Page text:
Cabanatuan Operation Map

Cabanatuan Operation Map American History Famous Historical Events Film Geography Social Studies World History World War II Tragedies and Triumphs

This map depicts the routes which the Americans followed to reach—and leave—the Cabanatuan prisoner camp.  We learn more about the details from U.S. Army Special Operations in World War II (by David W. Hogan, Jr.):

After the scouts went ahead to reconnoiter the position, a reinforced company of 107 Rangers infiltrated Japanese lines near Guimba in the early afternoon of 28 January [1945]. Guided by the [Philippine]  guerrillas, the Rangers hiked through forests and open grasslands, narrowly avoiding a Japanese tank on the national highway by following a ravine that ran under the road.

At Balincarin on the twentyninth, 1st Lt. Thomas Rounsaville and 1st Lt. William Nellist of the scouts notified Mucci of heavy traffic around the compound, causing the Ranger chief to postpone the raid until the evening of the thirtieth. While the Rangers rested at the village of Platero, the scouts conducted further reconnaissance from a nipa hut across the road from the camp.

The skillful reconnaissance and careful planning paid off in a swift, well-executed attack. In the early evening of the thirtieth the Rangers began their approach march, crawling across the last mile of open rice fields to take up a position on two sides of the camp.

While one platoon, on signal, eliminated the guards in the rear and on one side of the stockade, another broke through the main gate to rake the garrison's quarters with automatic fire, and a third broke into the prisoners' section and liberated the astonished captives, most of whom had to be carried to freedom.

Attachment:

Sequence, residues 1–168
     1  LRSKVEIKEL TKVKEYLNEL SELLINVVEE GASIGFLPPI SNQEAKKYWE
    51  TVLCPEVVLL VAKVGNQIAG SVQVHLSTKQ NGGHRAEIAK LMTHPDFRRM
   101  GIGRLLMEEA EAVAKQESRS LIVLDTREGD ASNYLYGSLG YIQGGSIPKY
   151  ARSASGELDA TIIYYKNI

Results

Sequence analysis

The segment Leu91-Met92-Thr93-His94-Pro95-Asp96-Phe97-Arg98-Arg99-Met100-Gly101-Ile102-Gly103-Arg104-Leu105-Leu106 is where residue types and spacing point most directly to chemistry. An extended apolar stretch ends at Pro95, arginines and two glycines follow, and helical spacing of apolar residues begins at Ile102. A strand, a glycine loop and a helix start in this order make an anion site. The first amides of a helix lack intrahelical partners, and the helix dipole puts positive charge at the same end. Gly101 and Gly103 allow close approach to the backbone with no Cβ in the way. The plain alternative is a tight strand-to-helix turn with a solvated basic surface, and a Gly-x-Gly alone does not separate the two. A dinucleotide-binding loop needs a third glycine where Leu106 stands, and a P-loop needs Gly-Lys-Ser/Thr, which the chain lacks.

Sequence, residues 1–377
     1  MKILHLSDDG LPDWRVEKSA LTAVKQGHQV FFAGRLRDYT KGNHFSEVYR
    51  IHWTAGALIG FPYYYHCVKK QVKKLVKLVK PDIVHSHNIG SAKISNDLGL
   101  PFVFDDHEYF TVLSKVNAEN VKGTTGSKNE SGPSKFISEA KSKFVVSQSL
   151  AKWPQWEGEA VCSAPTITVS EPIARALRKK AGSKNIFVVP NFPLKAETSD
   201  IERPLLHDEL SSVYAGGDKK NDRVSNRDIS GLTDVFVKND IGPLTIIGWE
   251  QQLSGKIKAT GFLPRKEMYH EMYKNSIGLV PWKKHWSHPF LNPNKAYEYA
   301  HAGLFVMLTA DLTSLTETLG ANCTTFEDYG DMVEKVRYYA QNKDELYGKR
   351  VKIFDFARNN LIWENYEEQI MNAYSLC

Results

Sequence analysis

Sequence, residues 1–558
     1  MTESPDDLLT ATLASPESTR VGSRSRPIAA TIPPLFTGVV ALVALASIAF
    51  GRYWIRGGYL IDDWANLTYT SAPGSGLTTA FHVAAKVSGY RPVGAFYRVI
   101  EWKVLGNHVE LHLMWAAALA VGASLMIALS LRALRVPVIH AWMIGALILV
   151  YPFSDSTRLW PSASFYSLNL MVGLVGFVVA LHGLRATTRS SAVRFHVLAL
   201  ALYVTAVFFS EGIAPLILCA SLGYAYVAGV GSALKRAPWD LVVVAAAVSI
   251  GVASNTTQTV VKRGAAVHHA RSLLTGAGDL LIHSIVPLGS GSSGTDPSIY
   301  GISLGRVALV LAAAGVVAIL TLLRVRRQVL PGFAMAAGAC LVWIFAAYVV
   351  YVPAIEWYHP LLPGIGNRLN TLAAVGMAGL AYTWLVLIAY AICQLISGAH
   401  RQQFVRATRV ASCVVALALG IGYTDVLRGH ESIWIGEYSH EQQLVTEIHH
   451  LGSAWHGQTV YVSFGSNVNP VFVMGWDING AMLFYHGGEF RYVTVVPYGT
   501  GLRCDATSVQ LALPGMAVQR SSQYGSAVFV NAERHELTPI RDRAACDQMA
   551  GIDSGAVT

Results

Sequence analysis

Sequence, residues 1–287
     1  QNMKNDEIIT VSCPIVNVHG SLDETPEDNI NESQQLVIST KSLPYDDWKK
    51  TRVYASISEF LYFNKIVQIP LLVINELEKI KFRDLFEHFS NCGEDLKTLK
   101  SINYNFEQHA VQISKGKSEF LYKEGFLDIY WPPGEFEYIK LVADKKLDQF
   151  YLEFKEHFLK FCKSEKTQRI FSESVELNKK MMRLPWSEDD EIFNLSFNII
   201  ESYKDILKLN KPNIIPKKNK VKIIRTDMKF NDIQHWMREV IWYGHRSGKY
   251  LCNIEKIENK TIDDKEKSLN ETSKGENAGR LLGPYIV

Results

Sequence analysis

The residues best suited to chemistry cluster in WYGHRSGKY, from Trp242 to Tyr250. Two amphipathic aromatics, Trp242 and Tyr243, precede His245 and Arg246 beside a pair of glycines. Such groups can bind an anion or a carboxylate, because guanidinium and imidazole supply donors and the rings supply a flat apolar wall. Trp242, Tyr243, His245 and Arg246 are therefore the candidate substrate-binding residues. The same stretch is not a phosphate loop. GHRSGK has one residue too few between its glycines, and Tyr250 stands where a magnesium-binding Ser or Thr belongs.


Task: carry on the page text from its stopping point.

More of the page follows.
Within half an hour the Rangers had destroyed the installation, killing about 200 Japanese guards and rescuing over 500 prisoners at the cost of two dead and seven seriously wounded. Covered by the guerrillas, who stopped an enemy relief effort northeast of the camp, the column of Rangers and liberated prisoners finally reached friendly lines by the following morning.  (Hogan, at pages 86-88.)

Click on the map image for a better view.

Media Credits

mage from U.S. Army Special Operations in World War II, by David W. Hogan, Chapter 4 (“Special Operations in the Pacific”), at page 84. 


Image online, courtesy U.S. Army Center of Military History.



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"Cabanatuan Operation Map" AwesomeStories.com. Oct 07, 2013. Jun 01, 2020.
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